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Federal Agents Bust a Mexican Drug Lord


This is ALL THINGS CONSIDERED from NPR News. I'm Melissa Block.

A notorious Mexican drug kingpin went fishing off the coast of Baja, California, and it was the U.S. Coast Guard and Federal drug agents that came up with the big catch. They nabbed 37-year-old Javier Arellano-Felix on a private fishing boat in international waters. Authorities say Arellano heads a violent Mexican gang that's responsible for digging drug tunnels under the U.S. border. Here's how DEA agent Mike Braun described him today.


Mr. MIKE BRAUN (Drug Enforcement Agency): This guy happens to be one of the 45 most notorious, most wanted drug traffickers in the world. So this is not your average arrest and Javier is not your average drug trafficker.

BLOCK: NPR's Carrie Kahn is following this story. And Carrie, tell us more about this man. Who is Javier Arellano-Felix?

CARRIE KAHN reporting:

He's one of seven brothers and four sisters in the Arellano-Felix family that run this crime organization. U.S. and Mexican authorities say that they're one of the top three drug trafficking cartels in Mexico. And until this arrest, Javier and his brother, Eduardo, have been sought by authorities. Eduardo is presumed to still be operating in Mexico.

One of the cartel's kingpin brothers was killed in a shootout in Acapulco a few years ago and another leader, Benjamin, is in Mexico's maximum security prison. So that just left the two brothers, and now we're down to one. Like you heard the DEA agent say, you know, they use every terrible adjective they can think of in describing Javier and the Arellano family - ruthless, notorious, most violent. They say that they've been responsible for smuggling tons, even hundreds of tons, of cocaine, methamphetamine, heroin, marijuana, all drugs into the U.S. And they dominate that traffic through California.


BLOCK: And U.S. authorities had posted a five million dollar reward for Arellano's arrest.

KAHN: They had. Also in July of 2003, the U.S. Attorney in San Diego unsealed a multi-count indictment against the Arellanos and specifically Javier. In that indictment they accused him of all that smuggling and controlling the trafficking along the Pacific Coast. They say he collaborates with drug traffickers from Colombia and Peru. But they also accused him of as many as 20 murders on both sides of the border.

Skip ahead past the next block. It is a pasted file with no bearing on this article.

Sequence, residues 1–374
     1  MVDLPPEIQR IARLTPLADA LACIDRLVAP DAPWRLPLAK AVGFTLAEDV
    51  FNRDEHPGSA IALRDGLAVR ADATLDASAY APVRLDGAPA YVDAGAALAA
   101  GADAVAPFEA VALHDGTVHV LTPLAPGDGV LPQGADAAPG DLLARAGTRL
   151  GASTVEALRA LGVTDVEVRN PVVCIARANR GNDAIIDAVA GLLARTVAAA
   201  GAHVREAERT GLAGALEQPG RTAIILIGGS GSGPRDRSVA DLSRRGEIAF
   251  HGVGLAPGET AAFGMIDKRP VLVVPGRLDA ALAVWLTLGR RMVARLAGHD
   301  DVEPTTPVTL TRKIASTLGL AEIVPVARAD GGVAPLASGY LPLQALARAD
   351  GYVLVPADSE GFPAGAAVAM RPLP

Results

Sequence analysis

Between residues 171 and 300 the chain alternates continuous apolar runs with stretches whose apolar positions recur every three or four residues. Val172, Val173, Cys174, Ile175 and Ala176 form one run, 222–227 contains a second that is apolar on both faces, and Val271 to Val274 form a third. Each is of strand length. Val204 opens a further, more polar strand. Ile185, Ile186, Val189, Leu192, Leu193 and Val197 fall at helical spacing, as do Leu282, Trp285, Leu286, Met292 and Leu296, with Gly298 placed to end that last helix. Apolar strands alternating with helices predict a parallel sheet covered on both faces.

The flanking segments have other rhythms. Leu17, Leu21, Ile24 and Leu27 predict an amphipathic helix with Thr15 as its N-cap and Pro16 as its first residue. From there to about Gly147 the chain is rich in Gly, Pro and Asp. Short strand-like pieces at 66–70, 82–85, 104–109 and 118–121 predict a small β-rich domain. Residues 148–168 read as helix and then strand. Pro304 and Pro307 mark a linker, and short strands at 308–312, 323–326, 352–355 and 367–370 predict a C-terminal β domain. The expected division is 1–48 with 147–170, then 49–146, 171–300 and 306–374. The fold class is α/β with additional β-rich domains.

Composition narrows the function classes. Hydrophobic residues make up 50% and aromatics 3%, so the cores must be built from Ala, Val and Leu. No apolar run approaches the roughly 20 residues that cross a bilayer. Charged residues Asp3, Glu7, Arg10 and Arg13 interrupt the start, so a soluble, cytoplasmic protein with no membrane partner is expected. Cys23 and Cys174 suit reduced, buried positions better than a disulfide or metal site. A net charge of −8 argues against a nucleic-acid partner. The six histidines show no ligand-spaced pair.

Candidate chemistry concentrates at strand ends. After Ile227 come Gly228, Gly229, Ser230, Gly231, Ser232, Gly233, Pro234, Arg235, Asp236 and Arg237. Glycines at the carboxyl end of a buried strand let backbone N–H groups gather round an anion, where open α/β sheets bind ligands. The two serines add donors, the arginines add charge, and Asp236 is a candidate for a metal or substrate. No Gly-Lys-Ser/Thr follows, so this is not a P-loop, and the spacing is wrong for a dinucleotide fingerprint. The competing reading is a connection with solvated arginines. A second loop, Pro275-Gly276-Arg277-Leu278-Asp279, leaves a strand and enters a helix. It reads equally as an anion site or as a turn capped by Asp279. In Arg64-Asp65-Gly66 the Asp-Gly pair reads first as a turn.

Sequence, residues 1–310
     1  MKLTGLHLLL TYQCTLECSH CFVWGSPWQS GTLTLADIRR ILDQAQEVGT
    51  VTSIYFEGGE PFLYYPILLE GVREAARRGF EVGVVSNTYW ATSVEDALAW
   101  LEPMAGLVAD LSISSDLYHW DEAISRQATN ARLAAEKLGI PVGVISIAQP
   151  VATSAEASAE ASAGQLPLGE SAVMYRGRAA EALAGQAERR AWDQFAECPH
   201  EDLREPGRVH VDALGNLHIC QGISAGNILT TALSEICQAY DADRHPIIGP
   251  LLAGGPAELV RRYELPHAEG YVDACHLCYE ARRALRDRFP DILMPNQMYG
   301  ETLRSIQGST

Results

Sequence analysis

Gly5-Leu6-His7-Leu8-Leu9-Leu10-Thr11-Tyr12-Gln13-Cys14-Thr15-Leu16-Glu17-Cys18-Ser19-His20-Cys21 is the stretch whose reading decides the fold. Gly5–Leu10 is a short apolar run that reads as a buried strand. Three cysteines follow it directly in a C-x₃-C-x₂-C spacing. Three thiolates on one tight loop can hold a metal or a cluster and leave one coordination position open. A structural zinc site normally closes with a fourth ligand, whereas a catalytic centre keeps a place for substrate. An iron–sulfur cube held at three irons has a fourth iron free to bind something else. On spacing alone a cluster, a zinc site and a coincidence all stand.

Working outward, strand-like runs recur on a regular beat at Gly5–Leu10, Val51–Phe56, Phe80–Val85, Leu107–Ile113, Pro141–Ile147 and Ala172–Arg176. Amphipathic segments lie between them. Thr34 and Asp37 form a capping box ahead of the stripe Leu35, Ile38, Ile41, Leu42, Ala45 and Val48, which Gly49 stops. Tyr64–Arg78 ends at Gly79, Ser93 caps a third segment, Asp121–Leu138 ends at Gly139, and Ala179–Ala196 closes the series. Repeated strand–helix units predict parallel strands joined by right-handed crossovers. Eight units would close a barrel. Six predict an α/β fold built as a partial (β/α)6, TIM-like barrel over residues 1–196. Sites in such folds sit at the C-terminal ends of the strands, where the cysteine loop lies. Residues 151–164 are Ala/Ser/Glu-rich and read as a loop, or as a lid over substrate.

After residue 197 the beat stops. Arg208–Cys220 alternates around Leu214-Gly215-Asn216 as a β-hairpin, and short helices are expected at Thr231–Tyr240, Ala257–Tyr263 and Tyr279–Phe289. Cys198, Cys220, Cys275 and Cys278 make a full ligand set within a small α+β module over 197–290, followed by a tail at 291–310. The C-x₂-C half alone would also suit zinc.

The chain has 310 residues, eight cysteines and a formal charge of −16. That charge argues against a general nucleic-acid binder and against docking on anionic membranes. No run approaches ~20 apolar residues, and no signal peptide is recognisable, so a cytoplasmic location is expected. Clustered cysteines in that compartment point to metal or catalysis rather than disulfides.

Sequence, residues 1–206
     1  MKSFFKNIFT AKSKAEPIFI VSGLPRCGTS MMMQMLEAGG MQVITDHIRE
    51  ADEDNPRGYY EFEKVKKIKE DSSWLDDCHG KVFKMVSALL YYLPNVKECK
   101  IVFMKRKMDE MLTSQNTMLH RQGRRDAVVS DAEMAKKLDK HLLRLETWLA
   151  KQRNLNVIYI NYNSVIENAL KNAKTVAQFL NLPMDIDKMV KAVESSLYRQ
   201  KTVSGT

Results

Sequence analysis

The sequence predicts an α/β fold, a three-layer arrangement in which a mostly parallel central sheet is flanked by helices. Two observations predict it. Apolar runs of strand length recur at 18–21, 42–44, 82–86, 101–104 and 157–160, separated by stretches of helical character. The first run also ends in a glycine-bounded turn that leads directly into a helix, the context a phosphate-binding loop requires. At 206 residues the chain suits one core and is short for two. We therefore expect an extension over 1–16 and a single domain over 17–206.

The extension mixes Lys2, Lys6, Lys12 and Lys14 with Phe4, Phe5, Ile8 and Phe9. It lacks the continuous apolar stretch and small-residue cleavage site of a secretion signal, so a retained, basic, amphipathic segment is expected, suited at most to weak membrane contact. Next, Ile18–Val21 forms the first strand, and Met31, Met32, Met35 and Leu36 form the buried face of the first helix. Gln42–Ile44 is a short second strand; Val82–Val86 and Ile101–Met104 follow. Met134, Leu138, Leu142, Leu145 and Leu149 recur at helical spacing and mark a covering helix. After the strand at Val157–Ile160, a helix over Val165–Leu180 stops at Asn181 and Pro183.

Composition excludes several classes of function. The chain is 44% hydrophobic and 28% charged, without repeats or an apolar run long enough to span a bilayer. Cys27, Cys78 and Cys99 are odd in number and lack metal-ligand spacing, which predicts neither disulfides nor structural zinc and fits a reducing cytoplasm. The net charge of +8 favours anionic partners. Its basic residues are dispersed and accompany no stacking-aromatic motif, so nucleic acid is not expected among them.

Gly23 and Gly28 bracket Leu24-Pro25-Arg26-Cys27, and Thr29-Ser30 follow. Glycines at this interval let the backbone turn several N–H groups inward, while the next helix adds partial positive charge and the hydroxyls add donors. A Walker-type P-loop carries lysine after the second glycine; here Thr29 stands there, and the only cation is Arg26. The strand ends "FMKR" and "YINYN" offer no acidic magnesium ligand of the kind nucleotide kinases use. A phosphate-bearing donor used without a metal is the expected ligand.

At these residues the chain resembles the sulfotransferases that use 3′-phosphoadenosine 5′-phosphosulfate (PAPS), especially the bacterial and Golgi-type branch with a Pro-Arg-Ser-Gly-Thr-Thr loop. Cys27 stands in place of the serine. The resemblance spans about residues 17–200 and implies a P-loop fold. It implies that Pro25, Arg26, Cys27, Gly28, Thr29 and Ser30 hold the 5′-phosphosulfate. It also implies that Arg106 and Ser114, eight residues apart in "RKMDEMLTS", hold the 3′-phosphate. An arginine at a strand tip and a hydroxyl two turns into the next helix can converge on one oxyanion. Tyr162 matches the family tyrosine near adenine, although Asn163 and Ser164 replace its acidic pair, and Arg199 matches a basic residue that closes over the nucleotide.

U.S. drug officials really believe that the cartel's power has been on the decline since that brother was murdered and the other one was arrested. But, while they've been on the decline, they've been struggling with rival gangs for control of the lucrative California corridor, and there has just been tremendous violence in Tijuana and spillover murders and kidnapping and violence in California, and that's why they've been so intent on getting him.

BLOCK: And he was arrested in that fishing boat with ten other people. What can you tell us about them?

KAHN: Right. There were 10 other people. There were three juveniles also on the boat. It was called the Doc Holiday, and they were out fishing fifteen miles off of La Paz when the U.S. Coast Guard got a tip and nabbed them.

Also with them were two suspected assassins of the cartel. And officials wouldn't confirm their names, but I've spoken with several sources in Tijuana and they say they were suspected hit men for the cartel. And one of the men that was arrested, Arturo Virelle Alberon(ph), he's been implicated in the murder of a prominent Tijuana journalist. He worked for a magazine in Tijuana and it's a magazine that's famous for its groundbreaking reports on drug traffickers. And I managed to speak with the founder of the magazine and he said he was cautiously optimistic about the arrests. He wants to hear more before he celebrates that they caught the man who killed his co-editor.

BLOCK: Now we mentioned that Arellano has been linked to elaborate drug tunnels that run under the U.S./Mexico border. You've been in one of those tunnels near San Diego. What's it like?

KAHN: They're pretty amazing. Since 9/11, authorities have found dozens of tunnels under the border. They run right under the border, many in the San Diego region that's controlled by the Arellano-Felix. The most elaborate was discovered just last January. It ran nearly a mile long under the border and it popped up in an industrial warehouse in San Diego. It had concrete floors. It had lighting, ventilation. It even had a pump to pump out the ground water that would build up and fill up the tunnel.

The one that I went to, it was a couple of years ago that they discovered it, and it just plunged fifty feet straight down and then took a turn right into the U.S. And it had also filled up with water, so we didn't go too far into it. But authorities say that, you know, since 9/11 and since this crackdown along the border, this has become the favorite route to bring drugs into the U.S. And they say that Javier and the Arellano cartel have constructed these incredibly elaborate ones, the ones that have been discovered most recently.

BLOCK: Now briefly, Carrie, how big a dent do U.S. authorities think they have put in drug traffic out of Mexico?

KAHN: They say they're not deluding themselves. Whenever there's a vacuum in a huge, lucrative cartel like this, somebody jumps up to fill it and they say they have no doubt that someone will step up and fill the gap soon.

BLOCK: NPR's Carrie Kahn. Thanks very much.

KAHN: You're welcome. Transcript provided by NPR, Copyright NPR.